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California and the West

Bill to Boost Fire Safety in Cigarettes Dies

August 22, 2000|MIGUEL BUSTILLO | TIMES STAFF WRITER

SACRAMENTO — Tobacco companies easily killed state legislation Monday that would have imposed a fire-safety standard on cigarettes, the nation's leading cause of fire deaths.

New York recently became the first state in the nation to pass such legislation, ending more than two decades in which the tobacco lobby successfully torpedoed all efforts to force it to sell cigarettes that burn cooler or go out faster.

State Sen. Adam Schiff (D-Burbank) sought to build on that momentum and do the same in California, arguing that if the two largest states did so, they would force the tobacco companies to establish a new national fire-safety standard.

But his bill, SB 2070, was easily killed in the Assembly's Governmental Organization Committee, garnering just two of the 10 votes needed for passage.

Tobacco lawyers, in-house scientists and fire experts, all paid by the companies, argued that cigarette makers still have not been able to develop a fire-safe cigarette that does not increase health risks to smokers or taste bad.

"You could pass a bill requiring cars to be built like tanks," said James A. Goold, an attorney representing R.J. Reynolds. "But no one would buy them."

And some members of the committee, traditionally known as a tough place to pass bills unfavorable to liquor, gambling and tobacco interests, openly professed their suspicion of any legislation supported by anti-smoking groups.

"Some of these anti-smoking people are very diabolical, very devious," said Assemblyman Brett Granlund (R-Yucaipa).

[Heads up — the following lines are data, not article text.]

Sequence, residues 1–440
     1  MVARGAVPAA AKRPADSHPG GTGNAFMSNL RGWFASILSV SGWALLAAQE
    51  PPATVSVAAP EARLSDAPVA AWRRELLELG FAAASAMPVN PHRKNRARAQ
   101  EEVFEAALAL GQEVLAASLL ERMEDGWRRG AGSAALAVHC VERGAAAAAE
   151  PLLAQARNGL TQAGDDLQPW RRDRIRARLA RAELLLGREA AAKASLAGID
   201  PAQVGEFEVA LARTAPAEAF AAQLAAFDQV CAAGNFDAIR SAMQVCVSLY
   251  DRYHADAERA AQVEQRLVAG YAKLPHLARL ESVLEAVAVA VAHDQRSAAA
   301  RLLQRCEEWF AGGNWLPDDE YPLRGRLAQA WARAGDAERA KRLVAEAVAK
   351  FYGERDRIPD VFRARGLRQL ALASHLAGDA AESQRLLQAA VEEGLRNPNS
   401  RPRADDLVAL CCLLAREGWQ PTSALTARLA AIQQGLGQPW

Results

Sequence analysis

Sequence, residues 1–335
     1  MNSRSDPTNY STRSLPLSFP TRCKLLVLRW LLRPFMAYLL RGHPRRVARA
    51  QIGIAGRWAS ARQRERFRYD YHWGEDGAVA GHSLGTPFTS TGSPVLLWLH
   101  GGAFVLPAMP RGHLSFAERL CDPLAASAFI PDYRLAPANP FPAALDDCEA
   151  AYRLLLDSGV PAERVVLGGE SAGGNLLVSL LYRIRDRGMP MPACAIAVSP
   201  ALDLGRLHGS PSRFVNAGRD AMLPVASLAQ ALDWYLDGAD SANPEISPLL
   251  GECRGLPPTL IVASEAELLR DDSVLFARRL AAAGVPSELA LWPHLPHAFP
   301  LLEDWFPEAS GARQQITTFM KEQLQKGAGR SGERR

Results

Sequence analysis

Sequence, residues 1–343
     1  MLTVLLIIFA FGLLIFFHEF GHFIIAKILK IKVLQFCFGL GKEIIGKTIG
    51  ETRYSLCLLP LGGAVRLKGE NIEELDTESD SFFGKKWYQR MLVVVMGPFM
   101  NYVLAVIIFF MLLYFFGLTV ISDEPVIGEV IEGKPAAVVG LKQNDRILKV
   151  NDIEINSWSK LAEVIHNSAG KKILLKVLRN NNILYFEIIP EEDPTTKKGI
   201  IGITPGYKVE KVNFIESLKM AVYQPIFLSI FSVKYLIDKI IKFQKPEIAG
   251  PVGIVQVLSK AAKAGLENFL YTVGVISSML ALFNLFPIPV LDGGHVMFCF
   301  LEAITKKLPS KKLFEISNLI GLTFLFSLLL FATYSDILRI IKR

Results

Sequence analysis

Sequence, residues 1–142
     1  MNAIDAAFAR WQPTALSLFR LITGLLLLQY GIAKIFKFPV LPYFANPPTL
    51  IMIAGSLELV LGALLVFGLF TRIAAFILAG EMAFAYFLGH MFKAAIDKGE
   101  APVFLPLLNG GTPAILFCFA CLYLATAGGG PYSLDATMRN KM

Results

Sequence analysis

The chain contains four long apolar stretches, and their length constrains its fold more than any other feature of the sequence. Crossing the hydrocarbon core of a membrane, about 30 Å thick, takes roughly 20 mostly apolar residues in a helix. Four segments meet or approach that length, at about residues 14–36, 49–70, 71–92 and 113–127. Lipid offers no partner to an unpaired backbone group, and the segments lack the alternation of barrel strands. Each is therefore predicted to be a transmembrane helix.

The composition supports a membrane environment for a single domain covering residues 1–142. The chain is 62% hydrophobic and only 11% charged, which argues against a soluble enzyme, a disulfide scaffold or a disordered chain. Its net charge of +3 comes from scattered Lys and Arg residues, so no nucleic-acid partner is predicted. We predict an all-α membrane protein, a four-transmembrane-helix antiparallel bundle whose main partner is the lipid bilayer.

Like the New York legislation, which was signed into law last week by Gov. George Pataki, Schiff's bill would have required the state fire marshal to devise a flammability standard for cigarettes, then would have forced tobacco companies to meet the standard to sell their product here.

"These fires, many of them could be prevented by a technology that already exists," Schiff said. "There are a lot of people losing their lives for no good reason."

As proof tobacco companies could make more fire-safe cigarettes if they wanted, Schiff cited Philip Morris, the nation's largest tobacco company.

After years of denying it could engineer a safer cigarette, Philip Morris broke from the industry pack this year and began selling a special type of Merit cigarette.

The company has test-marketed its special cigarettes, which use a form of paper that contains "speed bumps" to snuff out the cigarettes when they are not being puffed, and announced plans to go nationwide with them this fall.

But Philip Morris representatives stayed out of the hearing, arguing that a federal fire-safety standard should be established rather than a collage of state regulations. And representatives of other tobacco companies made their presence felt, poking holes in the argument that the Philip Morris cigarette represented a safety advance at all.

Several opponents even argued the bill would hurt California's tax base, forcing smokers to go out of state for their favorite brands. And some lawmakers said that by placing a burning object in their hand, smokers, like boxers or football players, should expect that bad things could happen to them.

"Football players should expect to be injured, boxers should expect to be hit," Schiff cracked to committee members before the vote as the outcome became clear, "and I should expect to get beat up taking a tobacco bill into the [Governmental Organization] Committee."

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